- Basics of Computers Tutorial
- Basics of Computers – Home
- Basics of Computers – Introduction
- Basics of Computers - Classifications
- Basics of Computers – S/W Concepts
- Basics of Computers – System S/W
- Functions of Operating System
- Types of Operating System
- Basics of Computers – Utility S/W
- Open Source Software
- Basics of Computers – Office Tools
- Domain Specific Tools
- Number System
- Number System Conversion
- Microprocessor Concepts
- Evolution of Microprocessor
- Primary Memory
- Secondary Memory
- Basics of Computers – I/O Ports
- Basics of Computers Resources
- Basics of Computers – Quick Guide
- Basics of Computers – Resources
- Basics of Computers – Discussion
- Selected Reading
- UPSC IAS Exams Notes
- Developer's Best Practices
- Questions and Answers
- Effective Resume Writing
- HR Interview Questions
- Computer Glossary
- Who is Who
Basics of Computers - Primary Memory
Memory is required in computers to store data and instructions. Memory is physically organized as a large number of cells that are capable of storing one bit each. Logically they are organized as groups of bits called words that are assigned an address. Data and instructions are accessed through these memory address. The speed with which these memory addresses can be accessed determines the cost of the memory. Faster the memory speed, higher the price.
Computer memory can be said to be organized in a hierarchical way where memory with the fastest access speeds and highest costs lies at the top whereas those with lowest speeds and hence lowest costs lie at the bottom. Based on this criteria memory is of two types – primary and secondary. Here we will look at primary memory in detail.
The main features of primary memory, which distinguish it from secondary memory are −
- It is accessed directly by the processor
- It is the fastest memory available
- Each word is stored as well as
- It is volatile, i.e. its contents are lost once power is switched off
As primary memory is expensive, technologies are developed to optimize its use. These are broad types of primary memory available.
RAM stands for Random Access Memory. The processor accesses all memory addresses directly, irrespective of word length, making storage and retrieval fast. RAM is the fastest memory available and hence most expensive. These two factors imply that RAM is available in very small quantities of up to 1GB. RAM is volatile but my be of any of these two types
DRAM (Dynamic RAM)
Each memory cell in a DRAM is made of one transistor and one capacitor, which store one bit of data. However, this cell starts losing its charge and hence data stored in less than thousandth of a second. So it needs to be refreshed thousand times a second, which takes up processor time. However, due to small size of each cell, one DRAM can have large number of cells. Primary memory of most of the personal computers is made of DRAM.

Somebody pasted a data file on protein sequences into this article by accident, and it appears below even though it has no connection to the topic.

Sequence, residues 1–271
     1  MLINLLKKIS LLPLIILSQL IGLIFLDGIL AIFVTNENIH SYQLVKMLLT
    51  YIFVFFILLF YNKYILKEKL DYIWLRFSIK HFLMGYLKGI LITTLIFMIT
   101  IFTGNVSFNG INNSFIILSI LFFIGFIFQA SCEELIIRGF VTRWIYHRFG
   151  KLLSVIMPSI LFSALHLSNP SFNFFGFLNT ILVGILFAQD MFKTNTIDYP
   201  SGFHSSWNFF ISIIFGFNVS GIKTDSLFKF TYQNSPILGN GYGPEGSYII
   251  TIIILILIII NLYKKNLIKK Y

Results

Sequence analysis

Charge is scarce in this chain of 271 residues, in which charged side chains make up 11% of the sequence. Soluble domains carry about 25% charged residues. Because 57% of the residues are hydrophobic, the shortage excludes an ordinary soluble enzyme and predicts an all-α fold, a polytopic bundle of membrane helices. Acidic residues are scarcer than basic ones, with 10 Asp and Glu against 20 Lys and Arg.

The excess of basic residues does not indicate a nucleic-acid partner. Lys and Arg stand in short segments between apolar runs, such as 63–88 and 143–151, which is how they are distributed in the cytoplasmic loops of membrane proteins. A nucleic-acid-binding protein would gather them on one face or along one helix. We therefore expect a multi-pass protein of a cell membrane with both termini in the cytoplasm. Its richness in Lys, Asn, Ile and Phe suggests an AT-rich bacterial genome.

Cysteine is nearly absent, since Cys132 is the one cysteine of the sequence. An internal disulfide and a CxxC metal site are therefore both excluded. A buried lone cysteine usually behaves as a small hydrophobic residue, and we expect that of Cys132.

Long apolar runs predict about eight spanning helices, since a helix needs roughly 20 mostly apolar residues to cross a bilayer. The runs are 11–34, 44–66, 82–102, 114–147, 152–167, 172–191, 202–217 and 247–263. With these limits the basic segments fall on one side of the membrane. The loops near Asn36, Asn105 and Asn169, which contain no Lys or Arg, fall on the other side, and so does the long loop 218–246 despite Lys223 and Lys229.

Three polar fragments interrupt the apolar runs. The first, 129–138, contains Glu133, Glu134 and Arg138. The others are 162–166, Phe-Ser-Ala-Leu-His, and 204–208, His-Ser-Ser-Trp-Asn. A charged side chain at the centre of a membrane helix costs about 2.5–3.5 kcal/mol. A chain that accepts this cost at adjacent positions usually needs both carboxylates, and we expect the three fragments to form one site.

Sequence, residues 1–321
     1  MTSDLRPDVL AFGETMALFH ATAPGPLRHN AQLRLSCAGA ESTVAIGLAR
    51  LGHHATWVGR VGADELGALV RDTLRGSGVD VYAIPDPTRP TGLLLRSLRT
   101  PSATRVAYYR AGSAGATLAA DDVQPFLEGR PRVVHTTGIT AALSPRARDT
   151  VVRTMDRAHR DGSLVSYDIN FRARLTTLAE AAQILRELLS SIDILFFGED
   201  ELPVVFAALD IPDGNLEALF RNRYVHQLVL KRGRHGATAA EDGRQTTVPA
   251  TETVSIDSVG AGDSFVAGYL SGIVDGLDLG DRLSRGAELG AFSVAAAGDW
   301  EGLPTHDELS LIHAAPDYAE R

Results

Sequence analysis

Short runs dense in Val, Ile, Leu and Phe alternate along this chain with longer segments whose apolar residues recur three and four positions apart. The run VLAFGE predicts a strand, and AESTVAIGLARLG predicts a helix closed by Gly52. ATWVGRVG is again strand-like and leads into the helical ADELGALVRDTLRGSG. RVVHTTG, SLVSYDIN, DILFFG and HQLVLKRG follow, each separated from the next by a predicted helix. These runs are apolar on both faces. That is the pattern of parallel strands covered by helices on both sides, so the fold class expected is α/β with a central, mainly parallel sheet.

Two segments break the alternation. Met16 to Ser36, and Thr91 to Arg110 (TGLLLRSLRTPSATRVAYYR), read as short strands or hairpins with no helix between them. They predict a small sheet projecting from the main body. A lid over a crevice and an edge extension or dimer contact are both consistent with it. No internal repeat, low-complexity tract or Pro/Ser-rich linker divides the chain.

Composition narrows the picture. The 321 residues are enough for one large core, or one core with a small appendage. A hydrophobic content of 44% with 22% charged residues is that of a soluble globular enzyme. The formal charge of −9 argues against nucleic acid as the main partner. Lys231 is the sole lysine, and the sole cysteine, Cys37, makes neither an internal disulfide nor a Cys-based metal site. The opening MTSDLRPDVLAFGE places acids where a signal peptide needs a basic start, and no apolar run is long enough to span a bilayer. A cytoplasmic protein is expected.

Each cell in SRAM is made of a flip flop that stores one bit. It retains its bit till the power supply is on and doesn’t need to be refreshed like DRAM. It also has shorter read-write cycles as compared to DRAM. SRAM is used in specialized applications.
ROM stands for Read Only Memory. As the name suggests, ROM can only be read by the processor. New data cannot be written into ROM. Data to be stored into ROM is written during the manufacturing phase itself. They contain data that does not need to be altered, like booting sequence of a computer or algorithmic tables for mathematical applications. ROM is slower and hence cheaper than RAM. It retains its data even when power is switched off, i.e. it is non-volatile. ROM cannot be altered the way RAM can be but technologies are available to program these types of ROMs −
PROM (Programmable ROM)
PROM can be programmed using a special hardware device called PROM programmer or PROM burner.
EPROM (Erasable Programmable ROM)
EPROM can be erased and then programmed using special electrical signals or UV rays. EPROMs that can be erased using UV rays are called UVEPROM and those that can be erased using electrical signals are called EEPROM. However, handling electric signals is easier and safer than UV rays.
Small piece of high speed volatile memory available to the processor for fast processing is called cache memory. Cache may be a reserved portion of main memory, another chip on CPU or an independent high speed storage device. Cache memory is made of fast speed SRAMs. The process of keeping some data and instructions in cache memory for faster access is called caching. Caching is done when a set of data or instructions is accesses again and again.
Whenever the processor needs any piece of data or instructions, it checks the cache first. If it is unavailable there, then the main memory and finally secondary memory is accessed. As cache has very high speed, time spent in accessing it every time is negligible as compared to time saved if data indeed is in the cache. Finding data or instruction in cache is called cache hit.